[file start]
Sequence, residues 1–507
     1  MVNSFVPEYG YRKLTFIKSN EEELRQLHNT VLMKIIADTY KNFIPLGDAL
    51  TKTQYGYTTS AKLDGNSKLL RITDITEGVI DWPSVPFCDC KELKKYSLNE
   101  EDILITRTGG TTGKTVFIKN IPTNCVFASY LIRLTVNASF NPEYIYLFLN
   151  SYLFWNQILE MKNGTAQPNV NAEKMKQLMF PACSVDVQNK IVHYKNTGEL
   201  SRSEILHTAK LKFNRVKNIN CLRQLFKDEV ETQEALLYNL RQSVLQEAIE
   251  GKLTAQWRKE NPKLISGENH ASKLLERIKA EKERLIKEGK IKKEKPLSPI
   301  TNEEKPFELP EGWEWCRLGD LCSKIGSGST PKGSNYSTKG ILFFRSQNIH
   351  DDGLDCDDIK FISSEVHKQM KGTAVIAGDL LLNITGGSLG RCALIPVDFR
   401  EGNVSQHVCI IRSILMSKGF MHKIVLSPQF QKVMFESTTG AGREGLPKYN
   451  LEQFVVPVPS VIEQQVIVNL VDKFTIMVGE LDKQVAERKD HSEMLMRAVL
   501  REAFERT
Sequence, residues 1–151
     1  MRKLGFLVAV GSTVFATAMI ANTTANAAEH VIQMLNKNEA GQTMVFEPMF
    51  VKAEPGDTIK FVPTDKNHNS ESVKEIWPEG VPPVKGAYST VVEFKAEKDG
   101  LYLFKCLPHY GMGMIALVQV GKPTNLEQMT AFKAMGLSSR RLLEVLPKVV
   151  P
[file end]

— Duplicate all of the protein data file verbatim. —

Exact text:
Sequence, residues 1–507
     1  MVNSFVPEYG YRKLTFIKSN EEELRQLHNT VLMKIIADTY KNFIPLGDAL
    51  TKTQYGYTTS AKLDGNSKLL RITDITEGVI DWPSVPFCDC KELKKYSLNE
   101  EDILITRTGG TTGKTVFIKN IPTNCVFASY LIRLTVNASF NPEYIYLFLN
   151  SYLFWNQILE MKNGTAQPNV NAEKMKQLMF PACSVDVQNK IVHYKNTGEL
   201  SRSEILHTAK LKFNRVKNIN CLRQLFKDEV ETQEALLYNL RQSVLQEAIE
   251  GKLTAQWRKE NPKLISGENH ASKLLERIKA EKERLIKEGK IKKEKPLSPI
   301  TNEEKPFELP EGWEWCRLGD LCSKIGSGST PKGSNYSTKG ILFFRSQNIH
   351  DDGLDCDDIK FISSEVHKQM KGTAVIAGDL LLNITGGSLG RCALIPVDFR
   401  EGNVSQHVCI IRSILMSKGF MHKIVLSPQF QKVMFESTTG AGREGLPKYN
   451  LEQFVVPVPS VIEQQVIVNL VDKFTIMVGE LDKQVAERKD HSEMLMRAVL
   501  REAFERT
Sequence, residues 1–151
     1  MRKLGFLVAV GSTVFATAMI ANTTANAAEH VIQMLNKNEA GQTMVFEPMF
    51  VKAEPGDTIK FVPTDKNHNS ESVKEIWPEG VPPVKGAYST VVEFKAEKDG
   101  LYLFKCLPHY GMGMIALVQV GKPTNLEQMT AFKAMGLSSR RLLEVLPKVV
   151  P